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    \$\begingroup\$ This explanation of the 3.5e rules and charm counters was really what I wanted. Thank you. \$\endgroup\$ – Rachel Martin Jan 14 at 17:18
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    \$\begingroup\$ In 3.5 (and 5e, for that matter), one obtains 5th level spells at level 9, not level 10. \$\endgroup\$ – Spitemaster Jan 14 at 18:37
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    \$\begingroup\$ @Spitemaster Not 3.5e sorcerers, which is precisely why I mentioned them. Sorcerers (and other “spontaneous” spellcasters) gained new spell levels (starting with 2nd) at even levels, one level after their “prepared” counterparts. See the sorcerer’s level progression table and this now-closed question inquiring into the designers’ reasons for this delay. \$\endgroup\$ – KRyan Jan 14 at 18:39
  • \$\begingroup\$ Wow, I totally forgot that. Slightly embarrassed now. \$\endgroup\$ – Spitemaster Jan 14 at 20:13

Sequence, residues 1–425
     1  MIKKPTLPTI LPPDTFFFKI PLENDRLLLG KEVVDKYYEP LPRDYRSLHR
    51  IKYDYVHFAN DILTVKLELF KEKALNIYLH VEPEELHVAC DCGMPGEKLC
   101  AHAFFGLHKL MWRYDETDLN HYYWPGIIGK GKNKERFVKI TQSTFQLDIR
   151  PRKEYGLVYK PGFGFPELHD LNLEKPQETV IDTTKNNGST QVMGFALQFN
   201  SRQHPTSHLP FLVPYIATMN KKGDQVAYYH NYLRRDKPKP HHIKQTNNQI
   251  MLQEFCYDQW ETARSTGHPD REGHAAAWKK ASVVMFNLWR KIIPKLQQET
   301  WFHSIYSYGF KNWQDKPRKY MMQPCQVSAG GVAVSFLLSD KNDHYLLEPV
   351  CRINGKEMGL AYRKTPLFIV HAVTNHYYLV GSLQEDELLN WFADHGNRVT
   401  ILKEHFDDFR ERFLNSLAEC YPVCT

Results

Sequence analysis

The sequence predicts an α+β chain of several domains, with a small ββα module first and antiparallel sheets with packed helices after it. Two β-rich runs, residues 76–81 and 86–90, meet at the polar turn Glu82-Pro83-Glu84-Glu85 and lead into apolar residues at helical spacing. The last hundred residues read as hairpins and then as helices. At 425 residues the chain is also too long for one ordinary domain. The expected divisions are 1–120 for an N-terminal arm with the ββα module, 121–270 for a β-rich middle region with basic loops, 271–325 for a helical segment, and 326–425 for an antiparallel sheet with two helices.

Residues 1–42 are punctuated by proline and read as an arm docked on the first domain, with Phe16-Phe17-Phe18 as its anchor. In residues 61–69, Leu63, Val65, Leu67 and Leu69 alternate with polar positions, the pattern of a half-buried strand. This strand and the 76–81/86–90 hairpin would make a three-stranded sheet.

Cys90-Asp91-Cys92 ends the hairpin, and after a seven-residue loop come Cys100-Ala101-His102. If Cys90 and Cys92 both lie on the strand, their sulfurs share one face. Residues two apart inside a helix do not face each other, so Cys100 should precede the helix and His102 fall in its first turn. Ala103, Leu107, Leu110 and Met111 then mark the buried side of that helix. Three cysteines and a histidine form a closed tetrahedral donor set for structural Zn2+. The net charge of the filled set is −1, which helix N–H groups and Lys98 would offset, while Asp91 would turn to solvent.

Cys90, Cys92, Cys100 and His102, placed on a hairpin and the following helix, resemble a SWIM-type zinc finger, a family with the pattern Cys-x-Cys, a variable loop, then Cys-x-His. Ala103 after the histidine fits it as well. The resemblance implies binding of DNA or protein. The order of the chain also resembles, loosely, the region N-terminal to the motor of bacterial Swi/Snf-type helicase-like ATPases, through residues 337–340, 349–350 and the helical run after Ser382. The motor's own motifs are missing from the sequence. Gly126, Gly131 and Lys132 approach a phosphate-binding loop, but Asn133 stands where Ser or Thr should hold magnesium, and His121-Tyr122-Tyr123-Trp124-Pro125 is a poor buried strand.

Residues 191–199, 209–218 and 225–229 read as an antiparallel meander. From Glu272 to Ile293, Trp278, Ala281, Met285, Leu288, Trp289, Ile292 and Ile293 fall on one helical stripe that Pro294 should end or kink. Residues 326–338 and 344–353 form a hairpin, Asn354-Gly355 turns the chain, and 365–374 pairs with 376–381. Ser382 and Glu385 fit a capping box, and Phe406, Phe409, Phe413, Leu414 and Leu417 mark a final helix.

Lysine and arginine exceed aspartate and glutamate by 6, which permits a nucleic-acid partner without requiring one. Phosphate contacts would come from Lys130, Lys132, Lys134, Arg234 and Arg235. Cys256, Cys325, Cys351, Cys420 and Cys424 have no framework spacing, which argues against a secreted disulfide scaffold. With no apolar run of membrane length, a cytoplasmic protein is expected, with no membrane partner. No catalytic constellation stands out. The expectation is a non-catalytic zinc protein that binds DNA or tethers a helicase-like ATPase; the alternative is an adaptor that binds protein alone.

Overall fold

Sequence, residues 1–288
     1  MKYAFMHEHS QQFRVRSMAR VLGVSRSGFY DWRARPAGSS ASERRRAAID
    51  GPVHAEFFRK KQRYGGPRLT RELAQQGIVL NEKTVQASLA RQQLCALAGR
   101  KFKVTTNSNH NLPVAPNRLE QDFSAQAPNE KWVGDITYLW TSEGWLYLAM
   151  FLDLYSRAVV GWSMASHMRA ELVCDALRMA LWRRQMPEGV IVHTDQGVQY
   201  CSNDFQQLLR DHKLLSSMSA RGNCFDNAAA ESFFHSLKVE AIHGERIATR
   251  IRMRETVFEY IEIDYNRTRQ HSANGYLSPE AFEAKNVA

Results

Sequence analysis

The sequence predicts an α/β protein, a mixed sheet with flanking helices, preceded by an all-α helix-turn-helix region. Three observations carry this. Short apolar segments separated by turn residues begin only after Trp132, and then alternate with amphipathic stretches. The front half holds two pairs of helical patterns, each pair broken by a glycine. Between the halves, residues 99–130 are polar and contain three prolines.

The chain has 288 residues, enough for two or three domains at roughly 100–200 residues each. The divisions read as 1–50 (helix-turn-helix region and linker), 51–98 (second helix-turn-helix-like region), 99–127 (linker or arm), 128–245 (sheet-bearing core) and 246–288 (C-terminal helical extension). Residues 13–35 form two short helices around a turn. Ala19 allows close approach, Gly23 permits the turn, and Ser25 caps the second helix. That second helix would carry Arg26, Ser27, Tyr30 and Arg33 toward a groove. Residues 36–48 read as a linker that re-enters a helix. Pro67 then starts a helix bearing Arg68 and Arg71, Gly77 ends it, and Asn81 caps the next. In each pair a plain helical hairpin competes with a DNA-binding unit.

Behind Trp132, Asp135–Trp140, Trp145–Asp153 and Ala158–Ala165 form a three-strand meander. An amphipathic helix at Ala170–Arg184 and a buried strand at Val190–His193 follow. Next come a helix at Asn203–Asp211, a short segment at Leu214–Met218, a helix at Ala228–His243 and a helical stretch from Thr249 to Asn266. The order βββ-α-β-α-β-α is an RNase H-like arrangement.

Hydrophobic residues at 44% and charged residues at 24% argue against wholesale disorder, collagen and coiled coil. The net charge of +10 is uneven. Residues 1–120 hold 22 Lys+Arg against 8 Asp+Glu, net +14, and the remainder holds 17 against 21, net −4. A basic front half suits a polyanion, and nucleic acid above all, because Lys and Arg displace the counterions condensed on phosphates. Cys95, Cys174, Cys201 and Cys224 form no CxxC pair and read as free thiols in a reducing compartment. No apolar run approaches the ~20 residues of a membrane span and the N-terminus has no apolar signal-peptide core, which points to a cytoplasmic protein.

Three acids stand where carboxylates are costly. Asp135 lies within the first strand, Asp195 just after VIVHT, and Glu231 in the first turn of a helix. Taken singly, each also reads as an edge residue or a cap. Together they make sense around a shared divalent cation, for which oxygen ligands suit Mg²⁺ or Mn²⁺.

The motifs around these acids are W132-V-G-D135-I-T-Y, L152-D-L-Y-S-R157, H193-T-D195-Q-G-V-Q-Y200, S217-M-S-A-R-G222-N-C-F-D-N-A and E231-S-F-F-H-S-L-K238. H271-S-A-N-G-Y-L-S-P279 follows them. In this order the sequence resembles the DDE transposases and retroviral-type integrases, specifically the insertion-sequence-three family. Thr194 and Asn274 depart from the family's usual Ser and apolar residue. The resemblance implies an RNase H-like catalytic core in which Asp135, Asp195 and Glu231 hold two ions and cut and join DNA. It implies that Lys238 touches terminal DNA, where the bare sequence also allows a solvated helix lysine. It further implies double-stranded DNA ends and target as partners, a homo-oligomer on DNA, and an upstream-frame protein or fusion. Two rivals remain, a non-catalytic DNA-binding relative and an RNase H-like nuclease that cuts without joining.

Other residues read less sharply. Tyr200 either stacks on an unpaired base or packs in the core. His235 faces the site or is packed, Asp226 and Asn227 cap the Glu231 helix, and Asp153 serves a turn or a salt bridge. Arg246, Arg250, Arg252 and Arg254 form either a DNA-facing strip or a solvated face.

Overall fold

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    \$\begingroup\$ A small note for clarity: It says Calm Emotions suppresses the spell, it doesn't cancel it. Dominate Person is there, and should Calm Emotions end before Dominate Person does, it will again be in effect. If, Calm Emotions ends up lasting longer than Dominate Person, then it will effectively cancel it altogether. \$\endgroup\$ – Theo Brinkman Jan 14 at 21:54
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In 5e, yes

In 5th edition, Dominate Person is a spell which causes the charmed condition, and while it is charmed, you can give it commands:

You attempt to beguile a humanoid that you can see within range. It must succeed on a Wisdom saving throw or be charmed by you for the duration. [...]